We've all seen water dribbling out a car exhaust when we're following someone accelerating out of a stoplight. I know that the water is an inevitable product of combustion, but I find myself wondering how the liquid gets out of the exhaust system.
You've all seen exhaust systems: the muffler exit port is never on the bottom of the muffler, but always on the side, with at least an inch of muffler below the lowest point of the port. Lots of water will condense in the (initially cool) muffler; how does the condensed water get out?
The obvious answer is that the water pools in the muffler until it's that inch or so deep, but that makes no sense to me, as there'd be a half gallon or more of water in there most of the time. I've also never heard of someone pouring water out of a muffler when changing it.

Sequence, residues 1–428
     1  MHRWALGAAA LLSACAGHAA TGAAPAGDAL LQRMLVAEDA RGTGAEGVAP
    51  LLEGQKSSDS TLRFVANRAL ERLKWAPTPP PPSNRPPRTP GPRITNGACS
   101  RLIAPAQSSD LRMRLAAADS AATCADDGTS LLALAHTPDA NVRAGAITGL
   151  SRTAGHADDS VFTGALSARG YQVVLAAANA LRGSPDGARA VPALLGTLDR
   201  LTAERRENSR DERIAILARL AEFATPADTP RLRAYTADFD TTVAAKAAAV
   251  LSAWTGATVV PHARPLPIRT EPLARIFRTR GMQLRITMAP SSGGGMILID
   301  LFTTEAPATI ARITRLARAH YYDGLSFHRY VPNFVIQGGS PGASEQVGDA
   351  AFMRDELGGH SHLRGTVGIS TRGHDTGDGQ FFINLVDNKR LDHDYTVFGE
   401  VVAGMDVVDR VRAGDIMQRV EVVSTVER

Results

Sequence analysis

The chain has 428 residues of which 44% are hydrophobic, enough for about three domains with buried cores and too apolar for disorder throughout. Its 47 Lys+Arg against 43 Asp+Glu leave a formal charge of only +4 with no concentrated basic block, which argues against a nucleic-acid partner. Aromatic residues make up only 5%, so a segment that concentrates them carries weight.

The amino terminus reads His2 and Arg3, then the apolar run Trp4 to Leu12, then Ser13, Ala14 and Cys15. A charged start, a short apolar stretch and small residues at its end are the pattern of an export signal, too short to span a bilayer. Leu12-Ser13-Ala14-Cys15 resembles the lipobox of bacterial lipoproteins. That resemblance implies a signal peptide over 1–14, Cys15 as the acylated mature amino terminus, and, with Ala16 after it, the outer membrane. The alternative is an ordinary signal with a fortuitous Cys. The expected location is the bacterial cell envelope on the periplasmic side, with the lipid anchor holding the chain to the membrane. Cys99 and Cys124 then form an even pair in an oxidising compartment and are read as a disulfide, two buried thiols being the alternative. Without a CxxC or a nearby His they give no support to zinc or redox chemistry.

My next guess is that the car accelerating forwards causes the contained water to slosh out the exit port. But, then you have cars with mufflers mounted sideways: sloshing on acceleration clearly won't do you any good there (and I'm guessing turns won't do it, either).
So, does a pool of water form in the muffler? And, if not, how does the condensed water get out?